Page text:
“Our Courts, Our Fight” is a blog series documenting the harmful impact of President Trump’s judges on Americans’ rights and liberties and the need for the Senate to confirm President Biden’s federal court nominees to help counteract these effects. Supreme and appellate court cases in the series can be found by issue and by judge at this link.
Trump Judge Robert Luck wrote an opinion denying two former Florida donors to the Church of Scientology the right to appeal a ruling against them by a Church arbitration panel in a case concerning alleged fraud by a church affiliate. The Eleventh Circuit panel’s 2-1 decision in Garcia v. Church of Scientology Flag Service Organization, Inc. upheld the district court’s decision compelling the donors to submit to binding arbitration by the Church, even though the Church had never before in its history conducted an arbitration case and made up the procedures as it went along.
The donors, Luis and Maria Garcia, were former members of the Church and had previously donated large sums of money. After leaving the Church, the Garcias sued an arm of the Church, Flag Service, for over $400,000, alleging Flag Service fraudulently solicited their donations. Flag Service asked the District Court to compel the Garcias to submit to arbitration by the Church, given that the Garcias had signed several agreements containing arbitration provisions while members of the Church. The District Court agreed, subjecting the Garcias to mandatory arbitration.
There was one major issue with this arrangement—the Church had never conducted an arbitration before. The arbitration agreement the Garcias signed contained very little detail, beyond the procedures for picking arbitrators and the requirement that the arbitration be conducted “in accordance with Scientology principles.” The Church admitted to the Garcias that because of this vague language, it would decide rules “at the appropriate time during the arbitration.”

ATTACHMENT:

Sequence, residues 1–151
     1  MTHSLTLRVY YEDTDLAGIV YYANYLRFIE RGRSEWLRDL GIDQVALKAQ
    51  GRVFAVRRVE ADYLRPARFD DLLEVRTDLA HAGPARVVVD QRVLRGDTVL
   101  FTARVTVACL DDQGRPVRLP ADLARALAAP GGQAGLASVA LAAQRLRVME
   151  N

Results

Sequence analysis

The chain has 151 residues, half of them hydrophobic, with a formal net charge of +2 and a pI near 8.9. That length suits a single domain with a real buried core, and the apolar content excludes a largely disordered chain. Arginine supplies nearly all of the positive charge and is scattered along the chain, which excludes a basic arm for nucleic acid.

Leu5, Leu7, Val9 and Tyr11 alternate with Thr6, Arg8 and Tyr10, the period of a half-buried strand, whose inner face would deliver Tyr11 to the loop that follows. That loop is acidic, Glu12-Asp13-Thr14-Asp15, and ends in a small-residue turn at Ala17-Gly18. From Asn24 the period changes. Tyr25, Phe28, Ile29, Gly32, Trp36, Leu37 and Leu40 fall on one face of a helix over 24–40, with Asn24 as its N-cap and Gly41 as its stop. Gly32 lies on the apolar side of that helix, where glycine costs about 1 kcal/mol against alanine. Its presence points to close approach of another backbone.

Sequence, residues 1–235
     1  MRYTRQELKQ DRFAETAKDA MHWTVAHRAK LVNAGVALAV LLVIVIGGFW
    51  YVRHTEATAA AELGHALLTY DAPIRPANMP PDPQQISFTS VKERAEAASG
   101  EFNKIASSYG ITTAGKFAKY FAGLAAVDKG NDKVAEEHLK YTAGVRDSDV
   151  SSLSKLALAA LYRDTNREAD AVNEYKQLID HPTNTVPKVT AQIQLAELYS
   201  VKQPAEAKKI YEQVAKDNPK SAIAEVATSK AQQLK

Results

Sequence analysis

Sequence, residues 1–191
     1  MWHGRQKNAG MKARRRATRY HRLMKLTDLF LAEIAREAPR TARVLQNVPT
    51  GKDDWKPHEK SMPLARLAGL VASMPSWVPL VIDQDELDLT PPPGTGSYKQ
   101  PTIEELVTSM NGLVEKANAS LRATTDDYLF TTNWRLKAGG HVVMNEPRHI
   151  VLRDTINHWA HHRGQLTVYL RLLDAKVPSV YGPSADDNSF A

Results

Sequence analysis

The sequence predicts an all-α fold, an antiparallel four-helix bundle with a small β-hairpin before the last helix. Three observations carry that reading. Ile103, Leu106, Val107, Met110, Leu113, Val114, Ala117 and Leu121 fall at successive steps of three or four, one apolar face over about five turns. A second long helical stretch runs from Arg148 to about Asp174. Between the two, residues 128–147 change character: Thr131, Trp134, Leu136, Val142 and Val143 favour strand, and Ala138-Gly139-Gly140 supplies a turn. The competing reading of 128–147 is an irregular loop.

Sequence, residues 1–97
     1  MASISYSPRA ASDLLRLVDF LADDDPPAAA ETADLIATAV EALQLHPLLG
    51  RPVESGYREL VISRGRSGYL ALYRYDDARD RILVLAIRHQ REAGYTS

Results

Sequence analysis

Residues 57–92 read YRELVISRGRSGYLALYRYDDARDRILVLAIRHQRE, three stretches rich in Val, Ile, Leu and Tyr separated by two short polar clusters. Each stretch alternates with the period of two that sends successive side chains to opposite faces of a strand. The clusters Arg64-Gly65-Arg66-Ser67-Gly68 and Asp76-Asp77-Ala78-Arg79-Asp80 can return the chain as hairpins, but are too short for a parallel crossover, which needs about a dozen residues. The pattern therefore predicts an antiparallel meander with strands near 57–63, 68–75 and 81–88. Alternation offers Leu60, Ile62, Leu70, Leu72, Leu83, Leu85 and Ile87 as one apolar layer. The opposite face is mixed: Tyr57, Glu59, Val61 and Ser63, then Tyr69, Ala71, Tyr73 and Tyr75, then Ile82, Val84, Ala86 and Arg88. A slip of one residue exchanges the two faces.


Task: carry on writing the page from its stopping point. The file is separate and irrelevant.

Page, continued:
Unsurprisingly, the arbitration did not go smoothly. Representatives of the Church prevented arbitrators from seeing most material critical of the Church and refused to allow the Garcias’ attorney or chosen witnesses to attend. On the last day of the arbitration, one arbitrator erupted in an outburst, claiming the Garcias were working to “destroy the church” and had been “fed…lies”
The arbitration panel awarded the Garcias a little over $18,000, far short of their original claim. The Garcias asked the district court to vacate this ruling, which the court denied. The Garcias then appealed, claiming the Church’s lack of arbitration procedures violated Florida law, which requires that arbitration rules be “definite enough so that the parties have some idea as to what matters are to be arbitrated and provide some procedure by which arbitration is to be effected.”
Trump judge Luck’s decision upheld the district court’s ruling, claiming that the arbitration agreement complied with the law. The panel said that the agreement gave the Garcias “some idea” of the procedures the arbitration panel would use, meaning the agreement was “sufficiently definite” to satisfy Florida law. The court therefore refused to allow the Garcias to challenge the arbitration ruling.
Judge Robin Rosenbaum strongly dissented, explaining that “you can’t make up the rules as you go along.” Rosenbaum claimed that the Church had done precisely that by failing to outline essentially all procedures and rules governing the arbitration beforehand. She noted that the Church’s lack of arbitration procedures directly contradicted the contract the Garcias signed, which referred to the Church’s “binding arbitration procedures” several times. Because the Church failed to delineate these procedures as promised, it broke its contractual agreement with the Garcias as well as Florida law, Rosenbaum stated, and the arbitration proceeding was “arbitrary and unfair.” She maintained that the lower court’s order requiring arbitration should have been vacated so that the Garcias could get a fair trial on their claims from the court.
Trump Judge Luck’s ruling subjected the Garcias to the ad-hoc decisions of a hastily convened arbitration panel that failed to extend them even the most basic legal protections. This case is yet another example of Trump judges deferring to corporate arbitration efforts and reflects the importance, as part of our fight for our courts, of confirming fair-minded judges who will help ensure individuals are never stripped of their legal rights simply because they signed a piece of paper.
Note: Andrew Kliewer is a law student fellow at People For the American Way.